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0

FYI recent fedora (at least since 18) installs that alias gobally in /etc/profile.d once vim-enchanced is installed.


12

:2,$v/0$/d deletes the lines that don't end in 0 starting from the second one.


16

If you mean you want to keep every 10th line and delete the rest: %norm 9ddj Explanation: % whole file norm execute the following commands in "normal mode" 9dd delete 9 lines j move down one line (i.e. keep it) note: this deletes the first row. Adapted from http://www.rayninfo.co.uk/vimtips.html Or using the global command: Duplicate the first ...


1

Another solution: truncate -s 0 file


2

By saying you're in user2's shell you imply you've been logged in as user2, the command whoami or echo $LOGNAME will let you know the same. Whatever commands you are firing in the terminal are considered to be fired by the logged-in user, except for those through sudo. The coloumn names in an output of ls is as below, for you reference. The Fourth field is ...


5

No, vim is not set user id (that is, it will not change effective userid). running a command line from vim will give you a shell (that is the word) as user2. By the way, to edit the file you must either be user user3 belong to group user2, merely being user2 is not enough. There used to be a bug in redhat 4.x (or still is) when running visudo, which ...


0

The editor is vi, its very simple to play around, if you need to type anything press escape button and then i (i means insert) if you need to save it then again press escape button and then :wq If you don not want to save and close press escape and then :q!


3

crontab -e enters into default editor (vi editor). The simple shortcuts in vi editor are i - Insert mode (allows you to write data) : mode :w -> we can save data :q -> quit from editor :q! -> force quit :wq -> save and quit any time we can reset the mode of editor by using Esc key. You can use EDITOR=nano crontab -e to edit crontab file by using the ...


12

You can pick any editor you like by setting the $EDITOR variable before calling crontab -e e.g. $ EDITOR=emacs crontab -e will run emacs as your editor. If you have a favourite editor then you can select that. Many programs that call an external editor may also use this $EDITOR variable so you may find it useful to set it permanently in your .profile ...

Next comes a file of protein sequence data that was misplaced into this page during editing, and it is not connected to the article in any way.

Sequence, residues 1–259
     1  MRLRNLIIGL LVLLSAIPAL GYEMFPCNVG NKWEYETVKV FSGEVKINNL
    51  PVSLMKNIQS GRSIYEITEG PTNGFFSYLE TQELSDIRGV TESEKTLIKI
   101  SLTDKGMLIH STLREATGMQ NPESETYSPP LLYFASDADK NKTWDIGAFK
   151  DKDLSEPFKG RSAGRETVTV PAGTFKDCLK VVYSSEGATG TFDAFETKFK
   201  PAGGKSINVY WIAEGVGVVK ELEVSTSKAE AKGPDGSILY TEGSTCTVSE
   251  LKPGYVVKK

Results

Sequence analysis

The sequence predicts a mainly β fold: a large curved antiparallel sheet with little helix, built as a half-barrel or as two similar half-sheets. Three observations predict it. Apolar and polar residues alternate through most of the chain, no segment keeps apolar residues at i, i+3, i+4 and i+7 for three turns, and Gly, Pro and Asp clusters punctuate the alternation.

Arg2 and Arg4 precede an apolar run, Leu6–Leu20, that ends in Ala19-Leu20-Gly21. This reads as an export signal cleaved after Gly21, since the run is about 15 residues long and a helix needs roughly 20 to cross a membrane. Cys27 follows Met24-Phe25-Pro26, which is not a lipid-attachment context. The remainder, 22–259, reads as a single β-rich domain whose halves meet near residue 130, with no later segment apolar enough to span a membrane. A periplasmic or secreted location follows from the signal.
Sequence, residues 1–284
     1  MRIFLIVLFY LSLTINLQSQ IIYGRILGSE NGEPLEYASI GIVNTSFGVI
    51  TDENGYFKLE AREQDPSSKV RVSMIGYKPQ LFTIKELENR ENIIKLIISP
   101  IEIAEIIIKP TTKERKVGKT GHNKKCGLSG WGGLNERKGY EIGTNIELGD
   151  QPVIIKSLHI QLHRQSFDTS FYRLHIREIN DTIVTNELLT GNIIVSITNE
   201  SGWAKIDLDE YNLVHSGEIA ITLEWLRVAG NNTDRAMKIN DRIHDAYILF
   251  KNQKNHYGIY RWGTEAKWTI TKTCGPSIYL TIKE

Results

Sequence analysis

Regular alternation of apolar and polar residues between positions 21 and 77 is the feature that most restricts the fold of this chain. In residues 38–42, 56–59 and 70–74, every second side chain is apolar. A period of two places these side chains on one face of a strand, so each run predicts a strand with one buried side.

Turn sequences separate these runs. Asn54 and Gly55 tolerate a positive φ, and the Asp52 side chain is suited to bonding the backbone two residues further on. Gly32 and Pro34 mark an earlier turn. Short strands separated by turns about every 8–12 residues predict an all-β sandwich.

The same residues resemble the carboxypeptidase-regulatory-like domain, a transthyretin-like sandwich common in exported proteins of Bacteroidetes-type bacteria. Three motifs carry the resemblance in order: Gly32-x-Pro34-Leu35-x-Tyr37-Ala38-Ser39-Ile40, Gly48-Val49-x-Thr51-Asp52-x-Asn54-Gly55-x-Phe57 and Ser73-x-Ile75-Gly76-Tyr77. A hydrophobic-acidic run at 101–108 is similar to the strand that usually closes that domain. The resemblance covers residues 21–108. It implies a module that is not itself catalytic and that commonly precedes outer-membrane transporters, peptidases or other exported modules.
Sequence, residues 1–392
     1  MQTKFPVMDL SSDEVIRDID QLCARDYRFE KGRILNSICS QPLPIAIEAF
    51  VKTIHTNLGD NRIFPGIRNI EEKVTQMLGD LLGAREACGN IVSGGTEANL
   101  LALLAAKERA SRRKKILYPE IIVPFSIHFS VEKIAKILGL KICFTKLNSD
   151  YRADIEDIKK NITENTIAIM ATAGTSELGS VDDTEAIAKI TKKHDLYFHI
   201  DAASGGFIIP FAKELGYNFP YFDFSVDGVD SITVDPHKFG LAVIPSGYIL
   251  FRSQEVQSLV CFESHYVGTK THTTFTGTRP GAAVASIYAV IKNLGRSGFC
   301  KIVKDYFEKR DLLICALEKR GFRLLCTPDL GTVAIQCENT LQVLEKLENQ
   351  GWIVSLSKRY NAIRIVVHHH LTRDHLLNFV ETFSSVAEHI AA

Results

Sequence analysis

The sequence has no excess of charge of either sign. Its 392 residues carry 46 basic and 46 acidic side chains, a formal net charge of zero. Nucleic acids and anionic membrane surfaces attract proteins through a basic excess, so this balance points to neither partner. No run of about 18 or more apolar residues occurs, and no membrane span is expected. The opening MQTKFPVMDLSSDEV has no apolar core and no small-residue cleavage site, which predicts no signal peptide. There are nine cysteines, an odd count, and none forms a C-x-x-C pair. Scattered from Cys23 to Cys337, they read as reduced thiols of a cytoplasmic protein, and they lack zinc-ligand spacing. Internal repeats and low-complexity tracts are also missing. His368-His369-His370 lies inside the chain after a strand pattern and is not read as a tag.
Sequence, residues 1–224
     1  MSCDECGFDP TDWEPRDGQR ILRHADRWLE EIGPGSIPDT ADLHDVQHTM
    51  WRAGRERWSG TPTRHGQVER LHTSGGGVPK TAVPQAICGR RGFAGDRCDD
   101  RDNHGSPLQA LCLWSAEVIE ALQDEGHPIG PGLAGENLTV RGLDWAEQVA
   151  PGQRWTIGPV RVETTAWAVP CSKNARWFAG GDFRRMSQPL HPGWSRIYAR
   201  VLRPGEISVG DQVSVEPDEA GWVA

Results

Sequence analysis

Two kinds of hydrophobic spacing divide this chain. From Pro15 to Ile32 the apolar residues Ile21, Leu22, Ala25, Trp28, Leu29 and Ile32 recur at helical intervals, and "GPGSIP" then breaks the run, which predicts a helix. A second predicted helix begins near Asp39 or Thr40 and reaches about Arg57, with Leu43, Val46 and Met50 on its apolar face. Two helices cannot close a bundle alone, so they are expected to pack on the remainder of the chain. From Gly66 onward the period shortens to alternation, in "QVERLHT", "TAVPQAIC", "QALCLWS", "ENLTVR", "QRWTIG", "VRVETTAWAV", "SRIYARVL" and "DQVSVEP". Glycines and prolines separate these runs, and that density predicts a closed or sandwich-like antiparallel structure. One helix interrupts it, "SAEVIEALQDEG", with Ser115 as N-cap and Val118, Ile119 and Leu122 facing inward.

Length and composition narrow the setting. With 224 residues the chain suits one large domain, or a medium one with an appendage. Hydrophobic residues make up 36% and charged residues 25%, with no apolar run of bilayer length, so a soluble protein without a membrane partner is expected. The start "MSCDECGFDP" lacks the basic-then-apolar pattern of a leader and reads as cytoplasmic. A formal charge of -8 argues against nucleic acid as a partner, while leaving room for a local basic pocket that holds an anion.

5

That looks like vi or one of its many clones, probably vim. You can use i to insert, x to delete the current character, dd to delete a line (and copy it to clipboard), p to paste below the current line, and u to undo the last change. Hopefully that will be enough to let you do your change. For more details, search for a vi manual, handbook, or ...


1

Question had been solved at stackoverflow.com: Adding noremap <Esc>a h noremap <Esc>s j noremap <Esc>w k noremap <Esc>d l to .vimrc solved the problem.


2

On most installation I have come across: ALT-something is the same as: ESC (release after press) something So, vim commands are always "ALT-Prefixed". But, as you have found out in the meantime, there is a way to specify this key combination in the vimrc.


0

This is done intentionally in vim: the ":wq" command calls, ex_exit, which calls getout with a nominal exit-code 0, in getout, it checks for an error in ex-mode, commenting /* When running in Ex mode an error causes us to exit with a non-zero exit * code. POSIX requires this, although it's not 100% clear from the * standard. */ if (...


1

In vim, or with vi on a BSD system: Use the vi command :0r !hostname Or, in its longer form, :0read !hostname You would have to press Esc first, of course. The read command usually takes a filename and inserts the contents of that file beneath the current line, but if you specify a shell command with ! in front of it, it will take the output from ...


1

You tagged vi however it sounds like you're looking for a CLI option. While in vi you can use shift + O to insert above and automatically add a new line and just paste your line right in. If you don't want to use an editor you can use sed. sudo sed -i '1iabcd555.india.com' /etc/hosts


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Would this work using sed? sed -i '1 i\'$HOSTNAME'' file Using this with a file named test1 produces: $ cat test1 one two three four five Then: $ sed -i '1 i\'$HOSTNAME'' test1 leads to: $ cat test1 chris-dell one two three four five


0

The easiest way to do this programmatically is to write to a temporary file and then overwrite the existing one: { printf '%s\n' "$(hostname)"; cat somefile } > somefile.tmp mv somefile.tmp somefile



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